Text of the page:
It’s no secret that breaking into a creative industry is tough — from its highly demanding workload to the amount of competition out there. So, how can we get our foot in the door? We asked seven experts to share their first creative job to look back and learn from their triumphs as well as their mistakes.

1. Jillian Rhein, Creative Services Manager, Tandem Interactive

First job: Digital Marketing / Graphic Design

“You know how they say, ‘it’s all about who you know?’ Well, it couldn’t be truer in this day and age. I acquired my first paid design project through my former 3rd-grade teacher creating promotional marketing materials for an elementary school. So, you never know how past connections can come around in your professional realm later on.”

Challenges

“Some of the challenges I initially faced as a graphic designer starting out was figuring out pricing for my work/designs and invoicing accordingly for every aspect involved in the project like editing and revisions. The in-between tasks that help get you to the final product take time, and time is money”.

“A lesson I learned from the experience was that you need to figure in how much time the project needs and price accordingly. Plus, allow for cushion time because there will be edits or revisions the client will have throughout the process/timeline of the project. Time equals money, and you have to think like a business owner in that sense.”

My best piece of advice

“Stay relevant and abreast of trends because industries and technologies are updating/changing at a new accelerated speed, so you don’t want to get lost in the mix of it all. Do your research and stay inspired. Follow podcasts, read blogs by industry leaders, or join an organization.”

2. Jason Klamm, CEO, StolenDress Entertainment

First job: Video Editing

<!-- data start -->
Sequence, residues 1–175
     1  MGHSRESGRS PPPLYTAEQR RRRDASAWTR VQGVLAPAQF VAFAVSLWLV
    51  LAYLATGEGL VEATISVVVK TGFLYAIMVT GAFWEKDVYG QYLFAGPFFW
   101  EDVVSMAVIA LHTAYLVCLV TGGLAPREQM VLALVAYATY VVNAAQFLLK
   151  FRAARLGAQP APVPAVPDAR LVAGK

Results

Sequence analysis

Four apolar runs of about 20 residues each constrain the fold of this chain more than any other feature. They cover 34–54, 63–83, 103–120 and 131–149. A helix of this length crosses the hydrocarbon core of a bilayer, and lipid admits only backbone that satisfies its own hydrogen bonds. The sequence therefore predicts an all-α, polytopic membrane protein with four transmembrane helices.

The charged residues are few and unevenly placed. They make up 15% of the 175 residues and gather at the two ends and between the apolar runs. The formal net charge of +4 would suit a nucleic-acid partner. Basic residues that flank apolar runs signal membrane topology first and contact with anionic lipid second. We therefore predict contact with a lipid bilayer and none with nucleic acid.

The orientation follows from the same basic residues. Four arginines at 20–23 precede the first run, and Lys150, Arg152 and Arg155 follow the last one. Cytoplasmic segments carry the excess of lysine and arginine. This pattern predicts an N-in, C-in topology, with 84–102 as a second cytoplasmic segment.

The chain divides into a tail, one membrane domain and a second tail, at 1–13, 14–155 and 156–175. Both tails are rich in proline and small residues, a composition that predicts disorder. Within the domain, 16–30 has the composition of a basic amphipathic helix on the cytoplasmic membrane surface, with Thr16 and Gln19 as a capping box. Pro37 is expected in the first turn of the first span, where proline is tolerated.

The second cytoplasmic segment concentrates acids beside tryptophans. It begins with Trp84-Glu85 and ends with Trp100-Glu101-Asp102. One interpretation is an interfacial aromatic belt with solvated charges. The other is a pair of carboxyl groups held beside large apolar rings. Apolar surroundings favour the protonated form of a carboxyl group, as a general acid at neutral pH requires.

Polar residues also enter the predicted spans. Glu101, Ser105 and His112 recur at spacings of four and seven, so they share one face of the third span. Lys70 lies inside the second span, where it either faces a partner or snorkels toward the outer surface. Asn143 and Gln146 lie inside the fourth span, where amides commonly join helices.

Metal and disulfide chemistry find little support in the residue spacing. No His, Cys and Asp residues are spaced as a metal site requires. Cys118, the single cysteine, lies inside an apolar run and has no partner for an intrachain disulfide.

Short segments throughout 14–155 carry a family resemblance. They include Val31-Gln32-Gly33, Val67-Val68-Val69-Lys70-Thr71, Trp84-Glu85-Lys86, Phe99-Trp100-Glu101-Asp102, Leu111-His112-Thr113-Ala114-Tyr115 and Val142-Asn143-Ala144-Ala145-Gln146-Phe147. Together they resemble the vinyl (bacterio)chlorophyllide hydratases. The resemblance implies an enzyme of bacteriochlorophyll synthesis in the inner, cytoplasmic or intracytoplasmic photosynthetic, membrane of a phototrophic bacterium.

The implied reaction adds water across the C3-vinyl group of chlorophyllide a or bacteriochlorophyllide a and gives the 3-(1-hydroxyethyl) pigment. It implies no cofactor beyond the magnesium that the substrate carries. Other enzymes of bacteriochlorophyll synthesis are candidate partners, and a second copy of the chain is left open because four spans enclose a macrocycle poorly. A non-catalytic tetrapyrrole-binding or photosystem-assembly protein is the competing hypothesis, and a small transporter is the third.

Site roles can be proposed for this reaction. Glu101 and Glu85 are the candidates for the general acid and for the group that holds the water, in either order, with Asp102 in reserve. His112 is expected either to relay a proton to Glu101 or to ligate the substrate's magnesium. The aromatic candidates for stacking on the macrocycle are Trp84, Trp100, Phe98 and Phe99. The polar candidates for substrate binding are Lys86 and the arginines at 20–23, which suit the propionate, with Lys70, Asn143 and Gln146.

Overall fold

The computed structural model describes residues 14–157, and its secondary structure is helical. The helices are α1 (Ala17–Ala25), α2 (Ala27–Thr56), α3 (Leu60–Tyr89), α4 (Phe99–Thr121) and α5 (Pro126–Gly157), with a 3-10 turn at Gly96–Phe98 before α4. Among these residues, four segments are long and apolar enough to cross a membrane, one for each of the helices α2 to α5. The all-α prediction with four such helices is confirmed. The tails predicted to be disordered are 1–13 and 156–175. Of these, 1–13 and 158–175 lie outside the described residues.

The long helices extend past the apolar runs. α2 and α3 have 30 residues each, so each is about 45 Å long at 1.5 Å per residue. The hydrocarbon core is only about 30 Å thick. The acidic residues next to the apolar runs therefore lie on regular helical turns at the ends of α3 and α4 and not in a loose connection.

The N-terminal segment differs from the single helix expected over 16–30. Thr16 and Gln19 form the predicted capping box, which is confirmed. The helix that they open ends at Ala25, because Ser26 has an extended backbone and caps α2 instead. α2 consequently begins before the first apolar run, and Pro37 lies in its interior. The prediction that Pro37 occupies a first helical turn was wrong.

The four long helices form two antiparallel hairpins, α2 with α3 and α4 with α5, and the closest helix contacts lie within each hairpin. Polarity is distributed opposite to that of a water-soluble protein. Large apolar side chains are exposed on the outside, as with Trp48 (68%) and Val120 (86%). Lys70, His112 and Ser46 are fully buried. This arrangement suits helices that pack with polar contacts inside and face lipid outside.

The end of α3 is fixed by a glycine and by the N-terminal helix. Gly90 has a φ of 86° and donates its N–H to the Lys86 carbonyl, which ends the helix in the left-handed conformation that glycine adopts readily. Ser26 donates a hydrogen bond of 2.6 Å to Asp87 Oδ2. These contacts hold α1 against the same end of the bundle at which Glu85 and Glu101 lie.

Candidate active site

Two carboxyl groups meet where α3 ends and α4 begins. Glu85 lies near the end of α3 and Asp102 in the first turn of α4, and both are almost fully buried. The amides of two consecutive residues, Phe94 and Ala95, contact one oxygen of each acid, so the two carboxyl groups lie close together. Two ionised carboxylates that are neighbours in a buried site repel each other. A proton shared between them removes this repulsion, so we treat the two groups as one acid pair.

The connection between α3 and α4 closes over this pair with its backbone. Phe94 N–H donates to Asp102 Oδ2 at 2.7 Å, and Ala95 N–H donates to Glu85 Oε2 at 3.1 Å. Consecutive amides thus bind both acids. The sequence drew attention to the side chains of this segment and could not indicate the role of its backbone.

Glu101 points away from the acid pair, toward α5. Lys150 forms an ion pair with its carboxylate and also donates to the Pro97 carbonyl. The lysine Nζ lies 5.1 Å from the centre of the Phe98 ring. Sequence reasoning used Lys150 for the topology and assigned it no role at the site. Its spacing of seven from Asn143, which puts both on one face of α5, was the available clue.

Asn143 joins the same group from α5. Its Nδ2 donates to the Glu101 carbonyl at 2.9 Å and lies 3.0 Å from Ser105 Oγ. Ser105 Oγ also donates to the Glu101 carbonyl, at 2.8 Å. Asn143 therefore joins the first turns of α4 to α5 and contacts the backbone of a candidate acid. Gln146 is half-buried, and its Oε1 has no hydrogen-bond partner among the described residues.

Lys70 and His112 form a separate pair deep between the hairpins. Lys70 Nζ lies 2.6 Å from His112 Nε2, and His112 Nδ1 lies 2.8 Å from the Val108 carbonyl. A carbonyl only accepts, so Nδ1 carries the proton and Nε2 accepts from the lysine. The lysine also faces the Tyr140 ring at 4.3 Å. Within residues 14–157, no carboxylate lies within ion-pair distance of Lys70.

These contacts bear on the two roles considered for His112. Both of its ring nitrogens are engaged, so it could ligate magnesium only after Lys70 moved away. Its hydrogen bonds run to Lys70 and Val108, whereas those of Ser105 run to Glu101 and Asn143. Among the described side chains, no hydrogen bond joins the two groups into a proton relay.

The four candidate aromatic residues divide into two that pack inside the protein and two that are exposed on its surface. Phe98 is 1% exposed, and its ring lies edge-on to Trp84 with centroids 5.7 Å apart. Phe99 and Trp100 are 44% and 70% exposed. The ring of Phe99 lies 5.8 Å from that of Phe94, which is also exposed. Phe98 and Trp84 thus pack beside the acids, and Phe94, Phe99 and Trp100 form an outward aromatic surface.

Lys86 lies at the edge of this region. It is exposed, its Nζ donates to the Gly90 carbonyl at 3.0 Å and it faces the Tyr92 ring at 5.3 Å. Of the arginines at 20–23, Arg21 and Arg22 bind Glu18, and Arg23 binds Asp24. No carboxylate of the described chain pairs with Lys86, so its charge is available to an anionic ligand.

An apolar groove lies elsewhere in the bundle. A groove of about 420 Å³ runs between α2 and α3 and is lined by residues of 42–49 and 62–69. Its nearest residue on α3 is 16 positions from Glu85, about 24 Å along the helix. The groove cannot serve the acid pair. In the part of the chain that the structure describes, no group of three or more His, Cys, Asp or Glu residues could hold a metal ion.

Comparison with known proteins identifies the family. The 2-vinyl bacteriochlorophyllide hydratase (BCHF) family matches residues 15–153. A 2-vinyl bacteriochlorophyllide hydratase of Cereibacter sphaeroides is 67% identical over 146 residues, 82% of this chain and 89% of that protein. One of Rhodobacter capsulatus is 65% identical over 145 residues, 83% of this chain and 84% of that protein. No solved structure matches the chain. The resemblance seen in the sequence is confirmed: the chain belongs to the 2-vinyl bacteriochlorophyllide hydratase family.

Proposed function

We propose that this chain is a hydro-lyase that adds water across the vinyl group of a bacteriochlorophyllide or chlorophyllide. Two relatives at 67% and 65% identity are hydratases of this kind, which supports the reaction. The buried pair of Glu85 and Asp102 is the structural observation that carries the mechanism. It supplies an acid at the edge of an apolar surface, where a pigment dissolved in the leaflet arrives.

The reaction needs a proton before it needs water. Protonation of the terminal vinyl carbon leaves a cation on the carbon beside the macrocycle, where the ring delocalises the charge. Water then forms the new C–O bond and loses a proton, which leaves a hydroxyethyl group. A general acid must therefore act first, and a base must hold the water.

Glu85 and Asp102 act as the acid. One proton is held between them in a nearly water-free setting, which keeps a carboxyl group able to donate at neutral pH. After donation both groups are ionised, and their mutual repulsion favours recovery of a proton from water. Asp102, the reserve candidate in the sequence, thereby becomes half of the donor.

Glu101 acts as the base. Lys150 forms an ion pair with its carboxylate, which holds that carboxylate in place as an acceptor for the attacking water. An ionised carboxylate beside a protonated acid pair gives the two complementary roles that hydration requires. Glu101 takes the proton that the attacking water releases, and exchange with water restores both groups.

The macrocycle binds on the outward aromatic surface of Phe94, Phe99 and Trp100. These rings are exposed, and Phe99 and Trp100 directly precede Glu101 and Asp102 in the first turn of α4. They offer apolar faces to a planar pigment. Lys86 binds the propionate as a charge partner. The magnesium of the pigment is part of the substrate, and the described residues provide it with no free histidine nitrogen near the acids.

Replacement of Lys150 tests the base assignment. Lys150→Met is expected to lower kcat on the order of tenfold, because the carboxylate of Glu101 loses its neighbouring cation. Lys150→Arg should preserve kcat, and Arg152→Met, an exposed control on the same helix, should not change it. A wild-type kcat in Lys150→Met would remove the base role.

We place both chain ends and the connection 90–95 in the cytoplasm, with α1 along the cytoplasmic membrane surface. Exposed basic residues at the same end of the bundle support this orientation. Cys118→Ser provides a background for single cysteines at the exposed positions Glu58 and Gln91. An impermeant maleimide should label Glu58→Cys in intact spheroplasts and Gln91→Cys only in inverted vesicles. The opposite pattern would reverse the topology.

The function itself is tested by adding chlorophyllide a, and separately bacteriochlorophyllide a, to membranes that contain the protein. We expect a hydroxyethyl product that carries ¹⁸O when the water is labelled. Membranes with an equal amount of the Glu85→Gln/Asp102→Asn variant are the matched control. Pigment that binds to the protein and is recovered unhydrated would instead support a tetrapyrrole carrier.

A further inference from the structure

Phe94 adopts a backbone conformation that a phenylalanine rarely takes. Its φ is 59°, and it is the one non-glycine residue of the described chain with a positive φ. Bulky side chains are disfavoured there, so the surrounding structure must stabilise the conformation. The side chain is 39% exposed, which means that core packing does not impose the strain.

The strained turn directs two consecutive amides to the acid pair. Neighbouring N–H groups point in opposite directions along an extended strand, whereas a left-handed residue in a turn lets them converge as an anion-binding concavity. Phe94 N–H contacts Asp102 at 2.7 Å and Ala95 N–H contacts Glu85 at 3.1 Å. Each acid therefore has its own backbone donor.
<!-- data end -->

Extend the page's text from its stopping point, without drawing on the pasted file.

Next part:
Signature Video Group Employee

“My alternative high school was kind enough to send me to a computer animation class once a week at a nearby vocational school.  We also learned a bit about video editing. And eventually, when I was 19, shortly after graduation, my video editing teacher recommended me to put together a video about grant writing for a local business.”

Challenges

“I felt in over my head immediately.  I was going from making sketch comedy videos in my barn back home to making a video for a small corporation.  I had to play it by ear, especially when the microphone stopped working, or when running into smaller obstacles.  I had to get over the idea that I wasn’t qualified and realize that every opportunity to create is an opportunity to learn. Realizing that meant that I concentrated on the positives of the immediacy of the whole thing.”

My best piece of advice

“This might be second nature for most people now, but keep making stuff.  When I was getting started, making a video for the web was difficult. The shooting took as long as it does now, but editing was slower and the software was terrible. Uploading took forever, and getting it to a lot of people was hard to do. When it did spread, it was usually by word of mouth because there was no YouTube.  Still, I continued to make videos and comedy albums and took on different roles each time, so that I could learn my strengths, weaknesses, and interests better. Continuing to create gives you greater focus.”